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Sunwatchers - "Sunwatchers" | Album Review

by Jeremy Zerbe

Talk about a long time coming. New York City's Sunwatchers' eponymous debut album is out on Castle Face Records tomorrow, but the band has been sowing the seeds of their new record since late 2014. Having demoed many of the new album's songs quietly over the course of three lo-fi, live-recorded releases, the band has spent the last year and a half shaping their swirling psychedelic improvisations of melody and noise into a beautifully terrible machine.

What we get on this first proper album is a remarkably (even surprisingly) refined and well-produced foray into Sunwatchers' world of labyrinthian jams, as they double back and build, guitar and saxophone lines snaking their way alongside one another, forking off into wandering variations before rejoining in triumphant refrain. While the early releases captured the raw, organic madness of the band, the recordings themselves lacked power, too full of the noise of negative space. Now, songs like the driving opener "Herd of Creeps" and its stoned followup, "For Sonny" sound like lightning and thunder, fully-realized at last.

That twinning of guitar and saxophone, rising and falling in almost arpeggiated riffs, is the glorious thread that runs through the entire seven-song, forty-minute album, keeping the listener afloat on their lilting tandem lines of melody, and it immediately called to mind one of my absolute most favorite, long-gone bands: Athens, GA's Dark Meat. It came as little surprise, then, to find that Dark Meat's frontman Jim McHugh was the one at the helm of this new, decidedly more krautrock project as well.

But do not think that Sunwatchers is just another neo-kraut band, jamming endlessly on the same droning, repeated patterns and simple, danceable drumbeats. They are a leaf on one of the more cerebral branches of that family tree, hearkening back more to Amon Duul II than modernists like Wooden Shjips. As the self-titled album reaches its halfway point, the band shrugs off what little traditional structure they've tenuously played with until that point and expands into pure free jazz. Their loose, rattling take on Robert Schumann's "Eusebius" from Carnaval, Op. 9 will not be for everyone, but it shows just how far-ranging the band's influences (and ideas) are.*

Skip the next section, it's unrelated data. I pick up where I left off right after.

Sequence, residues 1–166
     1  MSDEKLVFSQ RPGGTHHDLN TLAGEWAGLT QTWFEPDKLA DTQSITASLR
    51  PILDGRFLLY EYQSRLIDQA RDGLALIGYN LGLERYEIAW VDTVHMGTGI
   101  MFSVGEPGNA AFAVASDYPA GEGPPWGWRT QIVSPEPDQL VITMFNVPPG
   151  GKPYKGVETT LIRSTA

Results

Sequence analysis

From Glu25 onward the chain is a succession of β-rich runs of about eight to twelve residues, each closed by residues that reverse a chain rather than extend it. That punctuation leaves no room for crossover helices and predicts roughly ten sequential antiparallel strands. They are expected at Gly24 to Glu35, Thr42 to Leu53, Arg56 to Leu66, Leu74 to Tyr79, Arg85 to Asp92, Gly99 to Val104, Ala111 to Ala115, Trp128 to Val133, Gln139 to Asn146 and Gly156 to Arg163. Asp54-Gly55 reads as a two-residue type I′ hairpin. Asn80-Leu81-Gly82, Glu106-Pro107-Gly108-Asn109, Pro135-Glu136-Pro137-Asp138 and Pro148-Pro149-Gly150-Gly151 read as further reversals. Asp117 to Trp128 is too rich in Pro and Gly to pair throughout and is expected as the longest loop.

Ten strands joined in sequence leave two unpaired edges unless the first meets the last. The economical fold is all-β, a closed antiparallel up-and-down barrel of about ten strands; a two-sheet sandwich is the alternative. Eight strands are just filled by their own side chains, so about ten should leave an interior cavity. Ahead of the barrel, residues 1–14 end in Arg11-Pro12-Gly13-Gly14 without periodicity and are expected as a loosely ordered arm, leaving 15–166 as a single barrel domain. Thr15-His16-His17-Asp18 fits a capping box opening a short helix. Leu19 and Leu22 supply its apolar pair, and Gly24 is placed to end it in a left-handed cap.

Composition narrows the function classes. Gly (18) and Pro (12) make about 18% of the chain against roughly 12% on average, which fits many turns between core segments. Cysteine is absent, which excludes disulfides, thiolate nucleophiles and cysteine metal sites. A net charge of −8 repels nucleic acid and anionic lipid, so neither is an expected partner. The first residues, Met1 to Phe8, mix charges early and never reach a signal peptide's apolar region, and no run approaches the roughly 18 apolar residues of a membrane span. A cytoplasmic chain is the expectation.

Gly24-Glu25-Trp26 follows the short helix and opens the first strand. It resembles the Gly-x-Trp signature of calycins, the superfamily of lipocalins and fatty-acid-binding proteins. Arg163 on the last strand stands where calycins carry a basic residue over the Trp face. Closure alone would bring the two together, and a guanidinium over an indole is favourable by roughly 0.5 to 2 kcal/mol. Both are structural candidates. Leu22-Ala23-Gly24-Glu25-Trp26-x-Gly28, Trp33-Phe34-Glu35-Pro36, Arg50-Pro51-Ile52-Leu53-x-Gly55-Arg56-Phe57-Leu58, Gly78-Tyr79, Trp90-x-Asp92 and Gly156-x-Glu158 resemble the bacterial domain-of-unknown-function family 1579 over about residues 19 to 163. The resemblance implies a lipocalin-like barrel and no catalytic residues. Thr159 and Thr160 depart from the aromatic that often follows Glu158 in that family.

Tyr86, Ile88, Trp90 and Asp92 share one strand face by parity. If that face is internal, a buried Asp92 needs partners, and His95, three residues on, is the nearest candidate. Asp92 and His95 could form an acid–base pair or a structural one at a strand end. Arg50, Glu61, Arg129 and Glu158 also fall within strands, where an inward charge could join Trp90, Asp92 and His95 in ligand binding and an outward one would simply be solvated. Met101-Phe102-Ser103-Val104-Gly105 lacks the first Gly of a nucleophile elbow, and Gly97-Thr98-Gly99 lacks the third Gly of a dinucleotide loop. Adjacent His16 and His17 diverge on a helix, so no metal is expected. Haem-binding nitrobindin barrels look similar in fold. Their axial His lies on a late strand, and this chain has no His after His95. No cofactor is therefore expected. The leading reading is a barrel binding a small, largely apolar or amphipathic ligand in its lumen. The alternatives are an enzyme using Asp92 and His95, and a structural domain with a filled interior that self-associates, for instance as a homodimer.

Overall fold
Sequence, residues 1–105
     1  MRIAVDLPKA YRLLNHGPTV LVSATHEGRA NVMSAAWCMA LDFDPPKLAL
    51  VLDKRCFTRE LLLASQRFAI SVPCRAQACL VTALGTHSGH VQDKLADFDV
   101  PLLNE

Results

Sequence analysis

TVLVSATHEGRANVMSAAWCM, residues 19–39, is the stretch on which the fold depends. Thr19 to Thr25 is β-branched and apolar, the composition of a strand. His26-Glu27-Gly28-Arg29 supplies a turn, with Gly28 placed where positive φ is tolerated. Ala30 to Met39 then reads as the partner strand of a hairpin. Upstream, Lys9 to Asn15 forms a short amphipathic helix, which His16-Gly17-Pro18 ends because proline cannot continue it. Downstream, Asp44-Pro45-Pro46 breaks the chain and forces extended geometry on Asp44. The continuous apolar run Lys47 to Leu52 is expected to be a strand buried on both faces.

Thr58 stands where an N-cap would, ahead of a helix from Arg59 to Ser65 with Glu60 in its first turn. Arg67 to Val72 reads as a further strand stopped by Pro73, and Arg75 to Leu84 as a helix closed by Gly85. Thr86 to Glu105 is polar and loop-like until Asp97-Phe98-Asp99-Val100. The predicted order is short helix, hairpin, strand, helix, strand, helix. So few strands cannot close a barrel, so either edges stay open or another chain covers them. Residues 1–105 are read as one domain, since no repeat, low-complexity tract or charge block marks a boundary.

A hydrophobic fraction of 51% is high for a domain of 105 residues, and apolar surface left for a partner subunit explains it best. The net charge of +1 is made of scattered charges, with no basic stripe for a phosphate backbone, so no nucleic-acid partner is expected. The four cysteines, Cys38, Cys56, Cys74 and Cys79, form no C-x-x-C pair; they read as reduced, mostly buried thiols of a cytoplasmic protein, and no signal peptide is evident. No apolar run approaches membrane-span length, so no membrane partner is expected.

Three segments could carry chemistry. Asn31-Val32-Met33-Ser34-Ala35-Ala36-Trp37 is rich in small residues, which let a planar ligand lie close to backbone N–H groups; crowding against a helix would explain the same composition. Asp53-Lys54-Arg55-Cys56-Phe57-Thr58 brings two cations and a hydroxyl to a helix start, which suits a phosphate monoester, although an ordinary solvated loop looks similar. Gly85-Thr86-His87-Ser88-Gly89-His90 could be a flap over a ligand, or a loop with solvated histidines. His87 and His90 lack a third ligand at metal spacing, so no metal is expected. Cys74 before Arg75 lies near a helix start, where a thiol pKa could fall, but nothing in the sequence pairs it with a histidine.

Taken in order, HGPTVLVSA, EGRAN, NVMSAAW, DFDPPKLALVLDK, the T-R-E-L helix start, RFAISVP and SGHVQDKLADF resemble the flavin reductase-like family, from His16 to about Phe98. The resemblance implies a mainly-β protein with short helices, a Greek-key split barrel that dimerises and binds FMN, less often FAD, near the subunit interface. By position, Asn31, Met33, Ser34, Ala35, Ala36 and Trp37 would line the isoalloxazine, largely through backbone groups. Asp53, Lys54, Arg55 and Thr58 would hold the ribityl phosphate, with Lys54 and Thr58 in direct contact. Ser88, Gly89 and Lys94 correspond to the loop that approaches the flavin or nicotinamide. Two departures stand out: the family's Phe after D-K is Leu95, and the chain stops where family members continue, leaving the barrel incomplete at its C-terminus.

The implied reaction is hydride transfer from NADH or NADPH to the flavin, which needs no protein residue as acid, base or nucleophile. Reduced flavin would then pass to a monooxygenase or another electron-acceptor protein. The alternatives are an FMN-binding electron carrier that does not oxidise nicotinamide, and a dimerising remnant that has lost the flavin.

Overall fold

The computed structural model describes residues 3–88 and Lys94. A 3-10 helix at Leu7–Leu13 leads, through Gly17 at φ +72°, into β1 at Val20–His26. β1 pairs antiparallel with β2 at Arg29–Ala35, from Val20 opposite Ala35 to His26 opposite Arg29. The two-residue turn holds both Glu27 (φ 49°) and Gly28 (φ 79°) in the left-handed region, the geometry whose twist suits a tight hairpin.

And once all of those expectations are destroyed, the band is free to do as they please for the album's latter half, where the eight-and-a-half-minute-long "Ape Phases" alternates between a sparse tribal dance beat and pure, unadulterated noise, and the album's final (and finest) moment, "Moonchanges," coalesces from beautiful ambient noise and guitar noodlings into a lush kraut-y jam that would bring a tear to Can's eye. This is a powerful record. It is brainy and brawny, full of intricate moments and massive riffs, working together in some strange and enchanting symmetry to make beauty out of madness. What a delight.

*Let's just take a moment to discuss that song, because I feel that it so illustrates the brilliance of the band. Big deal, a free jazz cover of a Romantic era song, right? Well, throughout Schumann's career, he wrote a number of pieces (including Carnaval) about two Jekyll and Hyde characters that he saw as aspects of his own personality: Eusebius, the more reserved, deliberate side; and Florestan, his more fiery, impetuous side. The famous melody that you may recognize on the saxophone is that of Eusebius, Carnaval's 5th movement, but as the song begins to fall apart a minute and a half in, you can hear subtle references to the following movement, the wild Florestan, just before the song descends into chaos. But, ultimately, the band returns to the refrain of Eusebius, the beautiful melody lifting them back up from insanity. Unlike Schumann, of course, who was plagued by demonic visions, attempted to kill himself by throwing himself off a bridge, and ended up dying in a sanitarium to which he'd committed himself because he was afraid he'd murder his wife, all due to some combination of syphilis, a colloid cyst and bipolar disorder. But that's a story for another time.